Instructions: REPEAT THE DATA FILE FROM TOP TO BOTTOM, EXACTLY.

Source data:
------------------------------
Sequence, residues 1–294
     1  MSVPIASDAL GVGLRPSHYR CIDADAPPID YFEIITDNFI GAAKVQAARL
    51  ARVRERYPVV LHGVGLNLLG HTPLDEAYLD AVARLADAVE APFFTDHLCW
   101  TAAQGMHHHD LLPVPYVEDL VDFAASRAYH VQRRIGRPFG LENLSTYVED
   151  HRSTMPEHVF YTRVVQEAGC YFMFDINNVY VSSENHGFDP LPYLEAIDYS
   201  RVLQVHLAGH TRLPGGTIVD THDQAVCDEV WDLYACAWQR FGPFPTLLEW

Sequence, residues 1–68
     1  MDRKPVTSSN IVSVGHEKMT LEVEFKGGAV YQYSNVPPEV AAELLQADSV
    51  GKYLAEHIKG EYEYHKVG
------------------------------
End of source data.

Sequence, residues 1–294
     1  MSVPIASDAL GVGLRPSHYR CIDADAPPID YFEIITDNFI GAAKVQAARL
    51  ARVRERYPVV LHGVGLNLLG HTPLDEAYLD AVARLADAVE APFFTDHLCW
   101  TAAQGMHHHD LLPVPYVEDL VDFAASRAYH VQRRIGRPFG LENLSTYVED
   151  HRSTMPEHVF YTRVVQEAGC YFMFDINNVY VSSENHGFDP LPYLEAIDYS
   201  RVLQVHLAGH TRLPGGTIVD THDQAVCDEV WDLYACAWQR FGPFPTLLEW

Sequence, residues 1–68
     1  MDRKPVTSSN IVSVGHEKMT LEVEFKGGAV YQYSNVPPEV AAELLQADSV
    51  GKYLAEHIKG EYEYHKVG